Helicopters Magazine

Features Procedures Safety & Training
The Fatigue Factor

When was the last time you showed up at work drunk? OK, allow me to rephrase the question.


July 30, 2013
By Paul Dixon

Topics

When was the last time you showed up at work drunk? OK, allow me to rephrase the question. When was the last time you showed up at work so tired that your mental and physical abilities were impaired to a level equal to a 0.08 blood alcohol level?

Research has shown that being awake for 18 hours produces a level of impairment equal to a blood alcohol level of 0.05 and after 24 hours a blood alcohol level equal to 0.10. That’s just from being awake, after a good night’s sleep, without adding in physical exertion or the stresses of your day-to-day existence.

Aviation technology and operational demands have grown exponentially over the past 60 years, yet our human need for sleep remains unchanged as we have evolved from our humble beginnings more than four million years ago. Fatigue degrades most aspects of performance, leading to lapsing, cognitive slowing, memory impairment and decreased vigilance. Sleep-deprived people are more irritable, forgetful and averse to effort. Pilots may lose the ability to perceive and integrate important information due to tunnel vision, a potential effect of sleep deprivation. Performance becomes less consistent and the ability to follow procedures diminishes.

Years ago, I taught a course at the RCMP Fairmont Academy in Vancouver. If we were lucky, there would be a breathalyzer course being run in the building at the same time. Part of the breathalyzer course is familiarizing the young police officers with identifying the physical symptoms of alcohol impairment. For class purposes, this was achieved by having half the class show up without having eaten any breakfast. An empty stomach, coupled with the carefully controlled ingestion of alcohol, would result in reliable blood alcohol levels for observation, with physical tests being conducted before the next shot was downed. To the casual observer, it was always interesting to see just how a small amount of alcohol could wreak so much havoc on those earnest young police officers. With any luck, there’d be at least one fist fight by 10 a.m. and a whole lot of yelling and arguing for the rest of the day.

Advertisment

Such information is food for thought. The young Mounties were being taken through that first level of 0.05 and then up through 0.10 and not too far beyond. It was just enough to make them legally impaired, yet it often turned into a gong show. Alcohol does tend to bring out a level of aggression that rarely happens with sleep deprivation, but when it comes to the ability (or willingness) to process information and follow instructions, that’s where we see the strong correlation.

If you’ve been to the CHC Safety & Quality Summit, you’ve likely heard Scott Shappell talk about recognizing and managing fatigue in aviation, as well has his very lively “Spin and Puke” workshop on the effects of alcohol on the mysteries of the inner ear. This year’s Summit saw Michael Paul, a research scientist with Defence Research and Development Canada, talk about his work with RCAF CC-130 crews, as well as RCN submarine crews, in terms of assessing fatigue levels when crews are forced to operate outside their usual environments.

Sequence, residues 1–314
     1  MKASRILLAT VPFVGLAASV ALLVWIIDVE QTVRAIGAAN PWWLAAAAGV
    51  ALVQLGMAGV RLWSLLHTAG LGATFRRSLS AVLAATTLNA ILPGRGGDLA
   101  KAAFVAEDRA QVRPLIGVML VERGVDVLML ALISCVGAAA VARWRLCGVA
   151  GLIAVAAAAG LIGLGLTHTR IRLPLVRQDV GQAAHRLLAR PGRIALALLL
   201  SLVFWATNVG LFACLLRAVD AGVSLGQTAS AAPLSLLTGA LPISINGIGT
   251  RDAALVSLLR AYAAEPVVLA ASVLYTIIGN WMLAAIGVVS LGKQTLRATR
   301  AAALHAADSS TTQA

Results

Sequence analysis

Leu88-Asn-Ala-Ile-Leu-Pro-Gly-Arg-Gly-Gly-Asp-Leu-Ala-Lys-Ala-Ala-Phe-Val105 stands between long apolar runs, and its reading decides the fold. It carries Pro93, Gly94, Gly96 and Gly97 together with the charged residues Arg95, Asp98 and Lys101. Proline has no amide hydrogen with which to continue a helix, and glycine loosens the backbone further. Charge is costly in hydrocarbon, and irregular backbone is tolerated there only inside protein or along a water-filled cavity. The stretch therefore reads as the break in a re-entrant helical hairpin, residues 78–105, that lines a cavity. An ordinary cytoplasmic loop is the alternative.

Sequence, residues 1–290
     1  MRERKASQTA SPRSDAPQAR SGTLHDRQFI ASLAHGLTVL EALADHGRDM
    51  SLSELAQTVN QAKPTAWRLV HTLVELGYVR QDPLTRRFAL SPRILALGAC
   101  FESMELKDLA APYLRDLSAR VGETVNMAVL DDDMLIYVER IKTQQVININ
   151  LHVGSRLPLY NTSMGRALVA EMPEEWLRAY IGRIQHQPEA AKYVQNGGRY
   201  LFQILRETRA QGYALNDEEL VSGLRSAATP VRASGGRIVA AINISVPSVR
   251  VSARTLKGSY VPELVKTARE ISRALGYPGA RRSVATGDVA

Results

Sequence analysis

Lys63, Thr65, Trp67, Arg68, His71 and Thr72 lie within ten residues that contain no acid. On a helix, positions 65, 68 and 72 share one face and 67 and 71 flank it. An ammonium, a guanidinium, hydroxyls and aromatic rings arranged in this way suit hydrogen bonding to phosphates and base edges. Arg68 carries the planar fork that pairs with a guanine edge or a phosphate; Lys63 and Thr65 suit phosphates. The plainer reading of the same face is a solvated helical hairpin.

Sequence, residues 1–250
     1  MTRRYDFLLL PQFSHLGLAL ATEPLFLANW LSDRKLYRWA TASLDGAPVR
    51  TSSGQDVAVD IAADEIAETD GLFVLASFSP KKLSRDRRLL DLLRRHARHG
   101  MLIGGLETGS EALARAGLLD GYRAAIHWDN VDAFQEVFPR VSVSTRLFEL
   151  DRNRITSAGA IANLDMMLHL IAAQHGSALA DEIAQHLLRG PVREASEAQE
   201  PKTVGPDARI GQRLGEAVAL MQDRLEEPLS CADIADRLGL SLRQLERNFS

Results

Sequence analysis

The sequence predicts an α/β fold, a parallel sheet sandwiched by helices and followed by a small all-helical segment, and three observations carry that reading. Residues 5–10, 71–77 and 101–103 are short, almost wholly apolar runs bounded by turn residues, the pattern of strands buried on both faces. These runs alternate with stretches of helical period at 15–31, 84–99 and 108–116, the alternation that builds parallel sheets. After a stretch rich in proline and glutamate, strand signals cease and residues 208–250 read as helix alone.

CC-130 crews providing airlift support to Canadian operations in Bosnia and then Afghanistan were forced to fly long hours in transit and then operate in theatre on a clock that was up to nine hours different from their home base. Submarine crews at sea work a series of rotating shifts to maintain a 24/7 operational and tactical capacity. For both the aircrews and the submariners, Paul’s research demonstrated that the time shifting coupled with the operational tempo of their missions took them through the levels of physical impairment equal to the blood alcohol levels noted previously and often they went further, delving into an area he describes only as “clinical stupidity.” A program was devised that recognized the causal factors, leading to policy changes that both allow for and enable more rest.

Historically, fatigue has not been listed a prime causal factor in aviation accident investigations, but in recent years it is now being considered. Since retiring, Capt. Chesley “Sully” Sullenberger has been a leading advocate for increased awareness of the perils of flying when fatigued. Asked by ABC News if he would have been able to put Flight 1549 in the Hudson if he had not been rested on that day, he responded most emphatically, “probably not.”

Doing the right thing at the right time, all the time, doesn’t just apply to the pilots in your organization – it applies to everyone. It’s taken us a long time to get serious about alcohol and flying and it’s a good thing that we have. Now, we need to work on getting a good night’s sleep.


Paul Dixon is freelance writer and photojournalist living in Vancouver.


Print this page

Related



Leave a Reply

Your email address will not be published. Required fields are marked *

*